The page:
March 2-5, 2013. IHA tells us it’s “the home authority”. The acronym stands for International Housewares Association. This body is the 75-year-old voice of the housewares industry, which accounted for over $300 billion US at retail worldwide in 2010. The not-for-profit, full-service association sponsors the world’s premier exposition of products for the home, and offers its 1,700 member companies a wide range of services. The International Home and Housewares Show is, we are told, the world’s premier housewares marketplace, featuring 2,100 exhibitors from 34 countries, and more than 20,000 buyers from over 100 markets around the world. The Inventors’ Corner Pavilion was anchored by 60 creative inventors and hot-off-the-press new products, a magnet for buyers and news media alike. The International Housewares Association partnered with the United Inventors Association (UIA) to attract a new wave of inventors to the show. What do you get when you cross an inventor with an inventory…?
January 21-23, 2013. ProMat is the premier showcase of material handling, supply chain and logistics businesses in North America. The show was designed to offer productivity solutions and information, showcasing the products and services of over 700 leading material handling and logistics providers. You would run into manufacturing, distribution and supply chain professionals from the United States, Canada, Mexico and over 110 countries around the world. Typically they would be looking for productivity, visibility and cost-cutting solutions for their manufacturing, distribution and warehousing operations. An extensive educational conference ran concurrently with the show, and included sessions on improving operational productivity in manufacturing, distribution and in the overall supply chain. So, could you “handle” all that…?
Dec. 4-6, 2012. Seed Expo is purportedly the largest seed industry trade show in the country. And it’s run by ASTA, the American Seed Trade Association. Membership consists of more than 700 companies involved in production and distribution, plant breeding and related industries. “From Alfalfa to Zucchini and all the agronomic crops in between, the American Seed Trade Association and their partner seed associations are charged with representing the interests and concerns of the seed industry, here at home and around the globe”……… we were reliably informed. “Wherever there is a need for perspective and experience involving seed, ASTA and your state and/or regional seed association are there”. Well, you plant a seed, and in due course…..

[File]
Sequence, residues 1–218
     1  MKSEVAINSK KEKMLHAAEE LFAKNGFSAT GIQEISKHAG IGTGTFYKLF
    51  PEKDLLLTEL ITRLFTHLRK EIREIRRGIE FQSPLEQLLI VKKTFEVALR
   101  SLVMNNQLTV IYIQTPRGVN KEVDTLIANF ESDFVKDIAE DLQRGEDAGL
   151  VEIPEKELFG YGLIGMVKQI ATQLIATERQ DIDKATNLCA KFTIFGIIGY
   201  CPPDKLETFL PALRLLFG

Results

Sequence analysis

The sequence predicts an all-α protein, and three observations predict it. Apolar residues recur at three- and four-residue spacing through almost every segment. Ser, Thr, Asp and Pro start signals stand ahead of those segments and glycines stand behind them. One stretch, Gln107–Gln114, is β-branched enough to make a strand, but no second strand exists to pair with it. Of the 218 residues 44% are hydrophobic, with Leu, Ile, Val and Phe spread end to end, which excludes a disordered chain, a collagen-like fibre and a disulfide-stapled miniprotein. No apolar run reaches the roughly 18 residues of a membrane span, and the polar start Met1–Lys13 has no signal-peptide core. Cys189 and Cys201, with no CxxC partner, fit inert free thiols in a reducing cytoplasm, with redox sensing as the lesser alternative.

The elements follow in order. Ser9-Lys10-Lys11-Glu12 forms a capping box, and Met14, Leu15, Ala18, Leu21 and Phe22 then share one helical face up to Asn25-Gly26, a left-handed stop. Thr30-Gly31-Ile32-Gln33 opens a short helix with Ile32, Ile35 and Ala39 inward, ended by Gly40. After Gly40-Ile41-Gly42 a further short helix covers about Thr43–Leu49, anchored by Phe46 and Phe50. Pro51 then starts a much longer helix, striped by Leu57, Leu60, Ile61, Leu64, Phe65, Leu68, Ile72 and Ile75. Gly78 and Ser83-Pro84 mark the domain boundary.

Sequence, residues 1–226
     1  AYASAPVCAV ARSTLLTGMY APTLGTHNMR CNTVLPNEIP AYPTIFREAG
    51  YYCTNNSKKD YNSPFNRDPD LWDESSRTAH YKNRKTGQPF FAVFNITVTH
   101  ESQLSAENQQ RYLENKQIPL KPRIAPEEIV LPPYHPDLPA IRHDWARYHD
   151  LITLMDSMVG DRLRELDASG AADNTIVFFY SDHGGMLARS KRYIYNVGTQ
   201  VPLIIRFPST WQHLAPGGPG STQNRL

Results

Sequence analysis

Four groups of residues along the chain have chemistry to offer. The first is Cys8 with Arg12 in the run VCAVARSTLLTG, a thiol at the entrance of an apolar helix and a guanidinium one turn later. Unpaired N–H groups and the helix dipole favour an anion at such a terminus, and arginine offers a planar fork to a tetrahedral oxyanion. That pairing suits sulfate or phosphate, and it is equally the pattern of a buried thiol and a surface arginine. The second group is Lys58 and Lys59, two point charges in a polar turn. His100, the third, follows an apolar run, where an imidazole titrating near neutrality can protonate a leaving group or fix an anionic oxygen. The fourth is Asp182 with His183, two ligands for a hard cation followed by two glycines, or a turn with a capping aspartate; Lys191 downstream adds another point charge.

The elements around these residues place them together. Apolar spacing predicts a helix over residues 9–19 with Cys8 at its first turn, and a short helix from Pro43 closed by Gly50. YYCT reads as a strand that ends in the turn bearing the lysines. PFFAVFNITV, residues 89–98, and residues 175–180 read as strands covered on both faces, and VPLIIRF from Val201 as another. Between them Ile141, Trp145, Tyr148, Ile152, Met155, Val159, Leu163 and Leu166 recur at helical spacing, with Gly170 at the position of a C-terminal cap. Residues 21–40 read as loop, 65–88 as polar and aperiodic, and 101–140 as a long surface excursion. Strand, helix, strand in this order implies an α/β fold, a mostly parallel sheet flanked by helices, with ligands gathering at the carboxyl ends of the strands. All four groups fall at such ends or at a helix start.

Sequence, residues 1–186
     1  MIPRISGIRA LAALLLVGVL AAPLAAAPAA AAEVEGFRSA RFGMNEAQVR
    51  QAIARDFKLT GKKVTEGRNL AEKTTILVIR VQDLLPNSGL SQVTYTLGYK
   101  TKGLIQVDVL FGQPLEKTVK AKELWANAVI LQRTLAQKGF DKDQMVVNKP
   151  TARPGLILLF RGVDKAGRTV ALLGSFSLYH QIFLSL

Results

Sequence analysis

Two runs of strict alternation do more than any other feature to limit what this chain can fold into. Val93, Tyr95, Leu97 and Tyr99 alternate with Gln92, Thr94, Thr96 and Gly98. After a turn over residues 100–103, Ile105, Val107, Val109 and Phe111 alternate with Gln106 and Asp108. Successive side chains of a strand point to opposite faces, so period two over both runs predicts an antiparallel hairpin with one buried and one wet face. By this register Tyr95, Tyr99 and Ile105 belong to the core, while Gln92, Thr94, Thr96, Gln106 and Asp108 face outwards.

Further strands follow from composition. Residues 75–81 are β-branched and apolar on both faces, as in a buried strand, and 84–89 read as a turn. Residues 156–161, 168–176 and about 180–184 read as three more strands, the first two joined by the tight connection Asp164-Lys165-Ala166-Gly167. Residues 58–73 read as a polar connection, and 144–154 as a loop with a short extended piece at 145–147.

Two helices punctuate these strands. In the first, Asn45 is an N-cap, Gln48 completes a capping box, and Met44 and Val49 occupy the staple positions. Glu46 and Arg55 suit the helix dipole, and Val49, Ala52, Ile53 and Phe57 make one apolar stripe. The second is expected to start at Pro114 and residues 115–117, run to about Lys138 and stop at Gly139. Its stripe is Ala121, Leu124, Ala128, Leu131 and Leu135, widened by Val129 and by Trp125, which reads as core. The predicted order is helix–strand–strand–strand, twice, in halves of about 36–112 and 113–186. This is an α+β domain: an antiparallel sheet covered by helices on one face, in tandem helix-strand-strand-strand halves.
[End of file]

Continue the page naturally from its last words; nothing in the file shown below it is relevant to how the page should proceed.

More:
Dec. 19-22, 2012. Oh, you thought “clinic” meant something to do with healthcare? So what kind of medical procedure do you think I’m going to perform with this conductor’s baton? The Midwest Clinic bills itself as “an international band and orchestra conference”, and it’s about promoting music. Every music educator can point to “those critically influential teachers” who always went the extra mile on our behalf: mentors, wise and trusted counselors or teachers. And sure enough, along came Wynton Marsalis, described as the most outstanding jazz musician and trumpeter of his generation, as one of the world’s top classical trumpeters, and as a big band leader in the tradition of Duke Ellington. Leonard Slatkin conducted an open rehearsal and a special concert. Delegates soon realized they were there to “face the music…”